On some level, I suppose, one can lament the fact that any of these Ambassadorships are being handed out for political reasons, but this is, for better or worse how things have always been done and it doesn’t really seem to have had any impact on how foreign policy is conducted. One reason this is the case is that, by and large, a look at the lists I’ve linked above shows that the appointments to nations that would have been considered important at the given time were almost exclusively from among the career Foreign Service. This makes sense because, to the extent the pool of such candidates is limited, you’d want to use them on the nations where a direct relationship between the Ambassador and the people in charge is important, or where it calls for someone who can navigate diplomatic minefield. In other parts of the world, where the Ambassador is as much a goodwill face of the nation and someone who exists to promote good relations and trade, much of those duties can be carried out at the sub-Ambassadorial level, where the positions are indeed filled with people with Foreign Service experience. Additionally, now that we live in a world of near instant communications where the President, White House Chief of Staff, Secretary of State, or any other official can be put in contact with their counterpart anywhere in the world with relative ease, the role of the Ambassador has changed significantly from the what it was in the days of Thomas Jefferson and John Adams, or even from what it was in more recent decades. When officials in Washington can largely get in contact with whomever they need to whenever they want, the role of the person representing the nation in the capital city of another nation is naturally going to become far less diplomatic in the formal sense, and far more akin to the role of a cultural, trade, and tourism Ambassador. This, along with the the tremendous goodwill that the Japanese people still have for John F. Kennedy, for example, is a good reason why Caroline Kennedy’s appointment as Ambassador to Japan a few years back was not very surprising. Japan remains an important ally, of course, but the role of the Ambassador has changed given modern technology and all of the other ties between Washington and Tokyo. That’s not to say that technology has made Ambassadors superfluous, of course, but tings have changed enough that we may start to see more “political” appointments in the future than we have in the past. After all, if Ambassador is basically just becoming a symbolic position, then its far less important to have experienced diplomats fill those roles.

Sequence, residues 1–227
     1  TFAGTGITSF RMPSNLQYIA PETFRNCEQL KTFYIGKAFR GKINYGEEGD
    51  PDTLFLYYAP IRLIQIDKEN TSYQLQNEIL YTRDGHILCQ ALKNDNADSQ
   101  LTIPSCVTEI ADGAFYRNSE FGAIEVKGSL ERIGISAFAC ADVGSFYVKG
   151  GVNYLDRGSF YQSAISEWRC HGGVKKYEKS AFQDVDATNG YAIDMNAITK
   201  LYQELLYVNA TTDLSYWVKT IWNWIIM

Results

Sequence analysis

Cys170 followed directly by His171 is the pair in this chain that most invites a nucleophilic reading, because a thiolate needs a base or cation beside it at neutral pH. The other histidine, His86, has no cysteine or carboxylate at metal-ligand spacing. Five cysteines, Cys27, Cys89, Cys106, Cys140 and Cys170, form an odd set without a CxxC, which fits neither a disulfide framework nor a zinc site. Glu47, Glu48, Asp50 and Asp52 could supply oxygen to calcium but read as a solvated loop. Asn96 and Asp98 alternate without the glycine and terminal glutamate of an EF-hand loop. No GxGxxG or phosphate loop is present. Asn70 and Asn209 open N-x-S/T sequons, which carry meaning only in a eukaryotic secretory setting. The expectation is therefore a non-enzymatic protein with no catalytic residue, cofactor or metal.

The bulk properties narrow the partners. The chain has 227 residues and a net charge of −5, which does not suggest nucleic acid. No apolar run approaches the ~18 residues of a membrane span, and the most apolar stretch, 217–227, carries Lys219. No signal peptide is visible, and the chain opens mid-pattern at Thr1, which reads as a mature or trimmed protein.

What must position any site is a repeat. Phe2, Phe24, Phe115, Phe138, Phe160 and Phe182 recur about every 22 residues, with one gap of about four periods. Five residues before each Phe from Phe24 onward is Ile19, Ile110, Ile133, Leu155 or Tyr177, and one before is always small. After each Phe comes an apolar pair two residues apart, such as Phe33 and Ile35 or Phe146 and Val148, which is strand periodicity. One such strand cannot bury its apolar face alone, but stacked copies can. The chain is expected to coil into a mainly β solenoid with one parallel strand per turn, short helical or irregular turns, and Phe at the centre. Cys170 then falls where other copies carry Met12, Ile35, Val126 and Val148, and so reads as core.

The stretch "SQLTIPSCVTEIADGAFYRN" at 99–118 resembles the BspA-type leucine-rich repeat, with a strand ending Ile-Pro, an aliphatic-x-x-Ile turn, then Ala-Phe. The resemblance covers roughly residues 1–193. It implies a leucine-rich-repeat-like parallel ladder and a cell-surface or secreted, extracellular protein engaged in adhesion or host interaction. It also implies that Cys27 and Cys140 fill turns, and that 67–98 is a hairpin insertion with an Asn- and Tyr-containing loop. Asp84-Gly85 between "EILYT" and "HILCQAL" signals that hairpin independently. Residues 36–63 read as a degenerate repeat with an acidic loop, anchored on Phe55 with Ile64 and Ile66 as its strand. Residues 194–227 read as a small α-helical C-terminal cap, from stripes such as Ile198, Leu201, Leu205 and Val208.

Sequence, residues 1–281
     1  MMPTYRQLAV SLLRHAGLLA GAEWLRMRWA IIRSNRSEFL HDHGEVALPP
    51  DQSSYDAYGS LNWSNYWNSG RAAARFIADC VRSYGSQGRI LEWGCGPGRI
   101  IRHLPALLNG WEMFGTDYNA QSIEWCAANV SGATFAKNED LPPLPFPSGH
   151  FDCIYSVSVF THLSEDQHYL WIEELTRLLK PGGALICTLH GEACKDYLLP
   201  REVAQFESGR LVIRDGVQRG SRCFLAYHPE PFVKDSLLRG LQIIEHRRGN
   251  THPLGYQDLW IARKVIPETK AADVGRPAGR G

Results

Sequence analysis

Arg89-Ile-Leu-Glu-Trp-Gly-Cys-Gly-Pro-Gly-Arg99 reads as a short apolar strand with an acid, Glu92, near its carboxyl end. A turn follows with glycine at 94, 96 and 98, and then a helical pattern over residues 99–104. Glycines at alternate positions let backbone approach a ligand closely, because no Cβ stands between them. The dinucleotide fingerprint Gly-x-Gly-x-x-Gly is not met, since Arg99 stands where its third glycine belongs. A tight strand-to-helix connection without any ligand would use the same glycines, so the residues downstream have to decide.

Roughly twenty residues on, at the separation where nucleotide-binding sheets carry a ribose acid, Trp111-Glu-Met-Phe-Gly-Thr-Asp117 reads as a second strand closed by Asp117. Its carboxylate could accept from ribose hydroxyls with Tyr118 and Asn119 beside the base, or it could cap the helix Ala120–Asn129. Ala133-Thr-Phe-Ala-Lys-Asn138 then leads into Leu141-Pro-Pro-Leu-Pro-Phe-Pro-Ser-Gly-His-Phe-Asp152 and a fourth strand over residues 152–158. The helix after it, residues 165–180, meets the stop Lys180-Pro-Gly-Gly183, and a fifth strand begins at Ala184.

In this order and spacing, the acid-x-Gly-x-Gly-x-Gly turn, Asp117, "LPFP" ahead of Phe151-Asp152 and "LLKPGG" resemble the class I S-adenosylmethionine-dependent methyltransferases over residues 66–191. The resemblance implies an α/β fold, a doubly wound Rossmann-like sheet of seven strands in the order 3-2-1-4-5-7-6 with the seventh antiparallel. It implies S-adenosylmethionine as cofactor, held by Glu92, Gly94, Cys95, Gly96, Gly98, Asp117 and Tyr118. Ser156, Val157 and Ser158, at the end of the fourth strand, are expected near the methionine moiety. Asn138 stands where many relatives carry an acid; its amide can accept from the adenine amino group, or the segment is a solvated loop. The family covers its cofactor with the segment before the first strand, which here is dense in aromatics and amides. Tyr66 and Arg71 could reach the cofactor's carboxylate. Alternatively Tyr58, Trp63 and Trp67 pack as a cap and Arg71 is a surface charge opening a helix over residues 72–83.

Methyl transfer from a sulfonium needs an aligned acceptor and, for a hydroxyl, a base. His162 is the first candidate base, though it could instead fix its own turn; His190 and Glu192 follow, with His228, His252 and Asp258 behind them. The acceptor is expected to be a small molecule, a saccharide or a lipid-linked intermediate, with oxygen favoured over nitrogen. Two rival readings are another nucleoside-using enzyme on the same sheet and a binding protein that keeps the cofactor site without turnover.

FILED UNDER: Barack Obama, National Security, Politicians, US Politics